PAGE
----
The government has kicked off 2009 with the launch of a three-year anti-obesity initiative with a high profile multi-channel advertising campaign that will span TV, print, billboards and the Internet.
Launched on Friday the campaign, called ‘Change4Life’, begins with £8m worth of television advertisements and a range of initiatives to get people to eat better and exercise more.
Dawn Primarolo, the public health minister, said the aim was “a lifestyle revolution” on a scale not attempted before, to tackle projections that 90 per cent of today’s children would grow up to become overweight adults.
NHS Choices, the official NHS web portal is championing the most ambitious social marketing campaign. The site is leading the health service’s online effort with dedicated resources, tools and a call to action for individuals to change their lifestyles: “Don’t just make a New Year resolution, make a Change4Life for you and your family”.
The site seeks to use social networking approaches encouraging users to create an online account and set up an online avatar or character. When setting up the character, users have the choice of what colour, height and emotional type they want to be – casual, groovy, strong, relaxed or sporty – but not what body shape.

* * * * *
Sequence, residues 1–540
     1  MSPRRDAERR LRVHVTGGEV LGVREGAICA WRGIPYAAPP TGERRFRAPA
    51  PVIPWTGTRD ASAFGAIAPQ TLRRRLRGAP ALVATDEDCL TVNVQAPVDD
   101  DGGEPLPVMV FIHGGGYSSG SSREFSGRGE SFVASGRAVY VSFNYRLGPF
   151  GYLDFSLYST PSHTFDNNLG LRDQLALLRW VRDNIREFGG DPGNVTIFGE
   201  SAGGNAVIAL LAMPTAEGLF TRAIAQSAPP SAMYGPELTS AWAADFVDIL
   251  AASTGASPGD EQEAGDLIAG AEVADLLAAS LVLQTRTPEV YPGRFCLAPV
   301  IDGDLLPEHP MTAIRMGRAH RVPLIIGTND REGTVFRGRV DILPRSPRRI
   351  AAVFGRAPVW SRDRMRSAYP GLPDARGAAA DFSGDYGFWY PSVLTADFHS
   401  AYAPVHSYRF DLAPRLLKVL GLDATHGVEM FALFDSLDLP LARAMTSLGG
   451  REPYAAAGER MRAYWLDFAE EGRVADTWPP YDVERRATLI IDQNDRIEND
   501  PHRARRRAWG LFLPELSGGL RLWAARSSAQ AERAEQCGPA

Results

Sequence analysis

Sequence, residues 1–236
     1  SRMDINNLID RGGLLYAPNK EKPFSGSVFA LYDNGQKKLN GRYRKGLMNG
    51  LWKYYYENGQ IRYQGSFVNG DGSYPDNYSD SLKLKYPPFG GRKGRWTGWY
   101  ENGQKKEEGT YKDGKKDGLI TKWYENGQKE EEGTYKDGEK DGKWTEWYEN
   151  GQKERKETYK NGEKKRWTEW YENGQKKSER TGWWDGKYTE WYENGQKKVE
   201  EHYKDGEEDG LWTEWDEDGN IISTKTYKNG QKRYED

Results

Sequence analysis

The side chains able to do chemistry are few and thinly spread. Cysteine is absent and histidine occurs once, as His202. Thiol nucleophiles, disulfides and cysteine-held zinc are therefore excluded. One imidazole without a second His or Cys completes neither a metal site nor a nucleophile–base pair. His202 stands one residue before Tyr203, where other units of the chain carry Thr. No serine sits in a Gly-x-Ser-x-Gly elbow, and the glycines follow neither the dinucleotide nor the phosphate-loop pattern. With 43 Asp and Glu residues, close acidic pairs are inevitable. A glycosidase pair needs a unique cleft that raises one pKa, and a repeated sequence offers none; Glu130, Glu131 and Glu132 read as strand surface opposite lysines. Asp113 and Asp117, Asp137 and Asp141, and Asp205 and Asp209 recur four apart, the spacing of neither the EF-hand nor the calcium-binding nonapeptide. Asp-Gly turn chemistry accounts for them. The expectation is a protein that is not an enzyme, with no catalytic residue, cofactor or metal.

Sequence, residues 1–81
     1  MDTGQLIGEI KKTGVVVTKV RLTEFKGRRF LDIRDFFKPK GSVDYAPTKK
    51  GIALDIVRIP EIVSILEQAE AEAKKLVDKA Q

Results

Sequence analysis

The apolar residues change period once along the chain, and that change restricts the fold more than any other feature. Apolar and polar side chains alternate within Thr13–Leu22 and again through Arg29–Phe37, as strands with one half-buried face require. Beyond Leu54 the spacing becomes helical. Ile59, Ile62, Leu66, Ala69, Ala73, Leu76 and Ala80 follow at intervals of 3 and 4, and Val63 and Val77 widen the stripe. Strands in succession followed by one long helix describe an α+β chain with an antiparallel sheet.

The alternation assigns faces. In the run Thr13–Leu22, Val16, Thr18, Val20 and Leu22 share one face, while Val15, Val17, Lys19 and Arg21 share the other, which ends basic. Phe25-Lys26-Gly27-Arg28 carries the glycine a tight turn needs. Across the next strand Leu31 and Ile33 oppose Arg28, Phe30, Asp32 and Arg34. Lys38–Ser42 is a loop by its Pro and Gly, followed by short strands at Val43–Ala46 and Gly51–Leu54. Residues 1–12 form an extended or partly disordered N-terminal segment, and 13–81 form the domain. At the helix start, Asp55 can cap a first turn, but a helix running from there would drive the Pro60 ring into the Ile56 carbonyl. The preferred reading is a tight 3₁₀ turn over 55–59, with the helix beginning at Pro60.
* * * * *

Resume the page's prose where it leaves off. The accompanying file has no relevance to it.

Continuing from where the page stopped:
Having registered users can order a free welcome pack including shopping and cooking tips, including a 5 a day wallchart and stickers to keep track of how much fruit and veg they eat.
Through such initiatives the anti-obesity drive aims to do nothing less than change the sedentary lifestyles and poor eating habits of the British population, which is projected to result in an obesity epidemic, and resultant health problems.
Many of the initiatives planned during the course of 2009 will involve the very food companies whose products are linked to Britain’s obesity epidemic.
Planned activities include PepsiCo running ads promoting healthy play for children, and Unilever, the owner of Flora, will brand the London marathon ‘Change4Life’. The potential for conflicts of interest is highlighted by the fact the Change4Life section of the NHS Choices website provides a mythbuster section which says the idea margarine has less fat in it is a myth.
Other planned initiatives will include the fitness industry offering temporary free access to health clubs later in the year. Supermarkets such as the Co-op and Tesco will also promote healthier eating.
The Department of Health says it has tried to learn from successful social marketing campaigns such as Make Poverty History by bringing in a wide range of partners to spread a message intended to encourage people to change their behaviour.